Friday, July 25, 2008

Waterbed Heaters and the Softside Waterbed

The softside waterbed, also known as hybrid waterbeds, combine the comfort and superior ergonomics of fluid support systems with the look, surface feel, and ease of use of an innerspring mattress. This is usually achieved by replacing rigid wooden frame waterbed sides (hardside), with soft foam. Every manufacturer sets out to achieve this a little differently, with some more successful in design than others. While some have come and gone, there are still several successful softside waterbed manufacturers that can still provide you with several choices of differing models to choose from. For this post, we will narrow these down to three basic types; Deepfill, (requires a waterbed heater), Midfill, (heater optional), and Shallowfill, ( heater not required or recommended).
Deepfill waterbeds have eight inches of water, and are most similar to their hardside counterparts, requiring that a heater be used because the user is in close contact to the watermattress, which has about 200 gallons of water in a king size. A standard waterbed heater (300 watt) can be used on this type of waterbed, but only if it is placed on a wooden surface. If the deck surface is made of foam or fabric, a low-watt heater (120 watt) should be used instead to reduce the risk of overheating the heater, and scorching the foam or fabric surface, which can lead to heater failure or, in extreme cases, fire damage.
These lower wattage heaters operate at a lower temperature using a wire alloy heating element, which is a bit more expensive, instead of stainless steel or foil.
Midfill waterbeds have about six inches of water, and augment that with at least two inches of foam over and/or under the watermattress. A low-watt heater ONLY can be used for this type. Full watt waterbed heaters should never be used on a midfill waterbed, as they produce more heat than can be carried off and dispersed by the watermattress, creating an overheating hazard.
Shallowfill waterbeds do not need a heater, as the ambient air temperature, combined with body heat is adequate warmth. Shallowfill can be either a tube system, or a watermattress. While some may think it's safe to use a low-watt heater, aka a tube heater, we do not recommend doing so.
There is also the issue of electromagnetic frequency (E.M.F.) with regard to waterbed heaters to be discussed. This will be the subject of a later post.

Monday, July 7, 2008

Waterbed Heaters and the Hardside waterbed

The heater is a critical component of hardside waterbeds. It nearly always is included in a complete waterbed package because the eight inch water depth of this type of waterbed will typically be about ten degrees farenheit cooler than the ambient air temperature, which, in most climates, is not very comfortable. Your skin surface temperature is usually 85-88 degrees. This is what most people find to be their comfort zone. In cooler climes and weather, many will adjust their waterbed heaters in the upper eighties to low nineties. Warmer air temps will, of course, require less water heat, and may not even cause the thermostatic control to turn itself on much at all, until there is a sudden temperature drop. It is desirable to keep a watermattress at a constant temperature, at least seasonally. This is the primary function of the waterbed heater. Most people just "set it and forget it" about once a season. These wood frame waterbed heaters are compatable with all types of waveless waterbed mattresses and full motion waterbed mattresses alike. They only require that your waterbed mattress be completely filled before being plugged in to a power source. Not doing so will cause it to burn itself up and create a potential fire hazard. These heaters are usually around 300 watts, and are manufactured to be placed on wood only, with 7-8 inches of water over it. Not doing so will certainly void your warranty. Softside waterbeds will require a different kind of low watt waterbed heater which we will explore in the next blog.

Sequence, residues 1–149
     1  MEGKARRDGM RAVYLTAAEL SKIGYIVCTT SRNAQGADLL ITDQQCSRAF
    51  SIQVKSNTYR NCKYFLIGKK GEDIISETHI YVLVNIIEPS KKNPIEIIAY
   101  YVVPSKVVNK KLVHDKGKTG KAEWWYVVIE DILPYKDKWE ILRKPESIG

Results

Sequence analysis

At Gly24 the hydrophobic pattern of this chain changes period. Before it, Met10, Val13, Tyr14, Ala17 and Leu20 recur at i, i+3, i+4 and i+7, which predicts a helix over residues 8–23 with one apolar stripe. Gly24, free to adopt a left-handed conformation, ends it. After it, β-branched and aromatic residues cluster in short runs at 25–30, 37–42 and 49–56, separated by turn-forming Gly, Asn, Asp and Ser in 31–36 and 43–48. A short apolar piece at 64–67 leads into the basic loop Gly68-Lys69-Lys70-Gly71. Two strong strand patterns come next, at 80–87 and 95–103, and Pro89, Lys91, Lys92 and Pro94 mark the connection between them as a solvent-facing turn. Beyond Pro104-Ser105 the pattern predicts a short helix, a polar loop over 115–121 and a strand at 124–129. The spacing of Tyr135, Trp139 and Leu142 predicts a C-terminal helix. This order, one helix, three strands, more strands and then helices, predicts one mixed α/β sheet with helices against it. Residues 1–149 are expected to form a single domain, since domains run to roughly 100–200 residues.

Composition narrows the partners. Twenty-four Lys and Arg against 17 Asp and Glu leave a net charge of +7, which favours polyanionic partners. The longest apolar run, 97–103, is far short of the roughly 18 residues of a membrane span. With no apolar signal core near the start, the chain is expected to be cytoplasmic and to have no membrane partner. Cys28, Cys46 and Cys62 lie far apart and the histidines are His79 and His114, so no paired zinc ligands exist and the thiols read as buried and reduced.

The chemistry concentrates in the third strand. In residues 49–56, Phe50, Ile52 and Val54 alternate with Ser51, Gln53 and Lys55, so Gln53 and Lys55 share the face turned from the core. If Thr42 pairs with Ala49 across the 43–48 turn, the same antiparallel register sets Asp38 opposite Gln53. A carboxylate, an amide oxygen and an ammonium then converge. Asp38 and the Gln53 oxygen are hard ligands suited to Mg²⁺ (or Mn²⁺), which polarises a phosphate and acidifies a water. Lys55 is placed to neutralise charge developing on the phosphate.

Tuesday, July 1, 2008

Waterbed Sheets and Bedding Primer Part 3

When it comes to which type of sheets work best on a hardside waterbed, there a few choices. Many customers tell me that they can't get waterbed sheets to stay put, others have told me they are too difficult to put on, and others have said they find tucking in oversize flat sheets to be the easiest. First of all, it is important to understand that an overfilled waterbed will cause the above problems. If there is too much water, it is too heavy. The watermattress should be filled level to the top of the frame. This will allow you to lift the water and mattress out of the way in order to place the sheet pocket into the bottom inside corner of the waterbed frame. If the four sheet pockets are evenly placed in their corresponding corners, and the bladder is not overfilled, your sheets should stay put under normal sleeping conditions. There is one type of waterbed sheets called stay-tuck that incorporates a 1/2 inch by about 7 inch pvc tube into the inside edge of the sheet pockets so that the weight of the water "locks" the tube into the corner of a wood frame waterbed, preventing any slippage. You can also improvise this if desired with a smooth plastic coat hanger. These sheets, like many others, have a topsheet sewn to the bottom sheet at the foot of the bed. Some like this, others don't. For those who don't, we have available "six pocket sheets" that are separate, and the top sheet has only two pockets at the foot of the bed to hold it in place. We often run phone specials on sheets, so give us a call toll-free @ 866.405.8353 and ask for the blog sheets special. We are currently offering two sheet sets for $100.00. More to come, and more great deals in the offering.